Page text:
An Infinity of Shapes

I love it when an open weekend comes along, with time for thinking, resting, and various things that require long focus. The long focus: a Shakespeare video I am working on, a presentation I am giving on Monday (already prepared, but worthy of a run-through), the upcoming issue of Folyosó, and an essay. There are other things too, such as a new story, but I won’t get to them this weekend. The restful things: reading, listening to music, playing music, preparing next Shabbat’s Torah portion, and taking a bike ride or walk.

Another thing I like about this “alone time” is the chance to do and think things without being classified as this or that. Recently someone remarked to me, by email, “You’re such an intellectual! Such a scholar!” I took this as a compliment but was disconcerted, as I don’t put myself in these categories. Yes, I have an intellectual life, but it revolves mostly around literature, which is intellectual, artistic, linguistic, and visceral, all at once. As for being a scholar, no, I don’t think so. Much depends on definitions, but often when people say, “you’re a scholar,” they’re saying, “you speak a language that’s too far removed from the everyday for anyone else to care about it.” I have had book proposals turned down by agents, article pitches turned down by young assistant editors, because they deemed them “too scholarly,” which to me sounds like an excuse.

So it’s great to have some time just to do things on my own terms, without being called “scholarly” or anything else. People sometimes take confort in classifying others. It helps them make sense of the world. So-and-so is a scholar, so-and-so is a creative type, so-and-so is a lazy bum. Sometimes the categories help; sometimes they’re true; sometimes the people being categorized actually want them. But I often find that for me, they’re beside the point; they don’t quite fit, and I’m glad to take them off at the end of a long day, or at any time for that matter.

Not that it’s good to spend all one’s free time alone—and I do not, by any stretch. I have obligations, activities, meetings and am happy about that. Not to mention teaching, which, even online, involves contact with others, day after day, and which brings lots of joy. The stretches of unscheduled time, when they happen, offset and complement the schedule, classes, conversations, deadlines.

This is not just about me by any means. Sympathy and empathy, as well as reading and listening, require resisting the temptation to classify others or their words too hastily. Many others besides me wish to be taken on their own terms, or at least on terms that aren’t limiting and dismissive. Go ahead, categorize if you must, but see beyond and into the category too. A rectangle may be a rectangle (and probably is), but if you look into it, you can see an infinity of shapes.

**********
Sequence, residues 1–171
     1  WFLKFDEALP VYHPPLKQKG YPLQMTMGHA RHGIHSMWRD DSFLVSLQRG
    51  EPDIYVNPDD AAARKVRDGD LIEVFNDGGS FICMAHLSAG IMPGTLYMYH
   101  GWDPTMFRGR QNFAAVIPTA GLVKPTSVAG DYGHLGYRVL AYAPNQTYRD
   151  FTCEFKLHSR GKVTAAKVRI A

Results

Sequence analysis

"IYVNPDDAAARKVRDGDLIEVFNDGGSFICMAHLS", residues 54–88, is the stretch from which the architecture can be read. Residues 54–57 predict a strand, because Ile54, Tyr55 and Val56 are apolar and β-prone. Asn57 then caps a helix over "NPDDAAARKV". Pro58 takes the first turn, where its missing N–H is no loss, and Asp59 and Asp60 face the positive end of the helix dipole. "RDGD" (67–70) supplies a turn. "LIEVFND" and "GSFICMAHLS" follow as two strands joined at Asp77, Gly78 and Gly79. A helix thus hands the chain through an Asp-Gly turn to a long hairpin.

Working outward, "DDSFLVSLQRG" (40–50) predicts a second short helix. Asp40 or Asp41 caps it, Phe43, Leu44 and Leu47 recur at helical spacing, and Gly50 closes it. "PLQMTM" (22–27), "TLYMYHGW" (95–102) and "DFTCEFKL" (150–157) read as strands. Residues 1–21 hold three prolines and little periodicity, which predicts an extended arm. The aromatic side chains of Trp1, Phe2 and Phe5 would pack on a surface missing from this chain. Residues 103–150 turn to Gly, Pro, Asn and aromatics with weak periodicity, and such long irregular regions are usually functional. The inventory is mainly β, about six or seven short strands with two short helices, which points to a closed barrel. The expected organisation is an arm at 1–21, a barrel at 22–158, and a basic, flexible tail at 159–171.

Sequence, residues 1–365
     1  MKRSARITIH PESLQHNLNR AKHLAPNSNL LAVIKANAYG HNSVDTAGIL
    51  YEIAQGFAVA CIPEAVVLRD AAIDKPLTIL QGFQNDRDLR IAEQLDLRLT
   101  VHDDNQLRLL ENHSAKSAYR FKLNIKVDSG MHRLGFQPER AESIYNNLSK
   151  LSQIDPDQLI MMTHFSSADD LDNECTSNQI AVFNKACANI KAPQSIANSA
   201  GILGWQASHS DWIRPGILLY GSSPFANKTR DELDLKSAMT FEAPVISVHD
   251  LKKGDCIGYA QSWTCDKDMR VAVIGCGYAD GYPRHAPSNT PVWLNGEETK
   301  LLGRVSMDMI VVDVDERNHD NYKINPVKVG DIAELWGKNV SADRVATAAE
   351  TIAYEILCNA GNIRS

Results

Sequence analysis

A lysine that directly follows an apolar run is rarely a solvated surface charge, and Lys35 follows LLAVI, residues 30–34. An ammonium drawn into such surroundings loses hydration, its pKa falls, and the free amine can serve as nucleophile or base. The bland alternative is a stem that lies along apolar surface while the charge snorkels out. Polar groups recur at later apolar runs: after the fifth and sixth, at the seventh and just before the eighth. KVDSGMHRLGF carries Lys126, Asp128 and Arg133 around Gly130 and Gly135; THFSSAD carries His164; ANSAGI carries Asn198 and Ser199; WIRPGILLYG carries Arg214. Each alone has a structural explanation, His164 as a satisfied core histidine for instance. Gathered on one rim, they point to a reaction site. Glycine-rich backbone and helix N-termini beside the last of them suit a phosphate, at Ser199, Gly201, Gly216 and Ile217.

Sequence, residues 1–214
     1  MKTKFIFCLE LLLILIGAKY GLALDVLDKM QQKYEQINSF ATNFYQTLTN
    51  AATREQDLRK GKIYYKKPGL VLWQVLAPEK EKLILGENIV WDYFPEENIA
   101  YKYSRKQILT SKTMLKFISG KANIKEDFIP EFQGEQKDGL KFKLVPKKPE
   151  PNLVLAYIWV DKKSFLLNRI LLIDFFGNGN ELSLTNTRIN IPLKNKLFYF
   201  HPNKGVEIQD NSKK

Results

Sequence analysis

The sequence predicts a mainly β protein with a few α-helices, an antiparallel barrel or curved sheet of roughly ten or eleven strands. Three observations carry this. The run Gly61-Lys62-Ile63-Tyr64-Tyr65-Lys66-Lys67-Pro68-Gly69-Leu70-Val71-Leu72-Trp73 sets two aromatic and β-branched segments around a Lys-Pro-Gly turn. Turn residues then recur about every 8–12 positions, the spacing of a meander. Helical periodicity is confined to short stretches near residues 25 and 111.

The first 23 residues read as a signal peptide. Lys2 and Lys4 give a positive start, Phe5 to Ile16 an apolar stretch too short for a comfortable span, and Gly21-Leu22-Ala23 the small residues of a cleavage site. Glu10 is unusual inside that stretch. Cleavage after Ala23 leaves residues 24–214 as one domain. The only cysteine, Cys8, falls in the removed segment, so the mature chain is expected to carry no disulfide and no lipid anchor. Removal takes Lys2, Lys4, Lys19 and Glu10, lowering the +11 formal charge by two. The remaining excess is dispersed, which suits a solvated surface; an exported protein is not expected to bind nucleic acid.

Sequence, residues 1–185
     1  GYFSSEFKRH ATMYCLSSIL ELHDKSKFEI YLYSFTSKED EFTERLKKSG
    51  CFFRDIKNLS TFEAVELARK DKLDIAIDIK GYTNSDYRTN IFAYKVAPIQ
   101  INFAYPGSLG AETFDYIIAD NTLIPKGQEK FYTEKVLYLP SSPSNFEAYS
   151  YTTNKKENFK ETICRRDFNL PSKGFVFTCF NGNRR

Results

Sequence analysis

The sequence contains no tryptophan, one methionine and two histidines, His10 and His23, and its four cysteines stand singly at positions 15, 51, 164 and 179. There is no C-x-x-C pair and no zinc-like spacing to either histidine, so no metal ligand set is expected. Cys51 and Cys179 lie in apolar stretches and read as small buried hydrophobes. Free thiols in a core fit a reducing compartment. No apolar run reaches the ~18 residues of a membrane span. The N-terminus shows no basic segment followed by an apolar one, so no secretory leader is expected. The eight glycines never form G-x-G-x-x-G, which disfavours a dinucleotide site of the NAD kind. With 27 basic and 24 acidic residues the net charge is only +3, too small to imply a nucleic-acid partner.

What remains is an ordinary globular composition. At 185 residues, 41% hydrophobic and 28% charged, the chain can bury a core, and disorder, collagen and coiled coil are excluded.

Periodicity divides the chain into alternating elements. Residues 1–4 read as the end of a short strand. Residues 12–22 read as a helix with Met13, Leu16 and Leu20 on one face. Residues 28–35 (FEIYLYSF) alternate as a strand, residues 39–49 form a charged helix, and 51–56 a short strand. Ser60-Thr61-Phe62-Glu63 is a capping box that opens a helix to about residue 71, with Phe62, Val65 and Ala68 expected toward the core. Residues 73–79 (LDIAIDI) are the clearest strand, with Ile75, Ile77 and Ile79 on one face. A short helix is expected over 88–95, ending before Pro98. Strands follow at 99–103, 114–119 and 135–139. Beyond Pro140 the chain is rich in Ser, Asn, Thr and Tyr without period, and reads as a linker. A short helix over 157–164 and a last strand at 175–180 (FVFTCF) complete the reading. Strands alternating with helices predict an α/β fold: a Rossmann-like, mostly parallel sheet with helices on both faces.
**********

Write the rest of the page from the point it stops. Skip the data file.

I took this picture looking into the window of the Galéria restaurant on Szapáry utca. You can see the reflection of the synagogue (now a gallery) across the street.

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  • “To know that you can do better next time, unrecognizably better, and that there is no next time, and that it is a blessing there is not, there is a thought to be going on with.”

    —Samuel Beckett, Malone Dies

  • TEDx Talk

    Delivered at TEDx Upper West Side, April 26, 2016.



    Diana Senechal is the author of Republic of Noise: The Loss of Solitude in Schools and Culture and the 2011 winner of the Hiett Prize in the Humanities, awarded by the Dallas Institute of Humanities and Culture. Her second book, Mind over Memes: Passive Listening, Toxic Talk, and Other Modern Language Follies, was published by Rowman & Littlefield in October 2018. In February 2022, Deep Vellum will publish her translation of Gyula Jenei's 2018 poetry collection Mindig Más.

    Since November 2017, she has been teaching English, American civilization, and British civilization at the Varga Katalin Gimnázium in Szolnok, Hungary. From 2011 to 2016, she helped shape and teach the philosophy program at Columbia Secondary School for Math, Science & Engineering in New York City. In 2014, she and her students founded the philosophy journal CONTRARIWISE, which now has international participation and readership. In 2020, at the Varga Katalin Gimnázium, she and her students released the first issue of the online literary journal Folyosó.


    On April 26, 2016, Diana Senechal delivered her talk "Take Away the Takeaway (Including This One)" at TEDx Upper West Side.

    Here is a video from the Dallas Institute's 2015 Education Forum.  Also see the video "Hiett Prize Winners Discuss the Future of the Humanities." 

    On April 19–21, 2014, Diana Senechal took part in a discussion of solitude on BBC World Service's programme The Forum.  

    On February 22, 2013, Diana Senechal was interviewed by Leah Wescott, editor-in-chief of The Cronk of Higher Education. Here is the podcast.


    All blog contents are copyright © Diana Senechal. Anything on this blog may be quoted with proper attribution. Comments are welcome.

    On this blog, Take Away the Takeaway, I discuss literature, music, education, and other things. Some of the pieces are satirical and assigned (for clarity) to the satire category.

    When I revise a piece substantially after posting it, I note this at the end. Minor corrections (e.g., of punctuation and spelling) may go unannounced.

    Speaking of imperfection, my other blog, Megfogalmazások, abounds with imperfect Hungarian.

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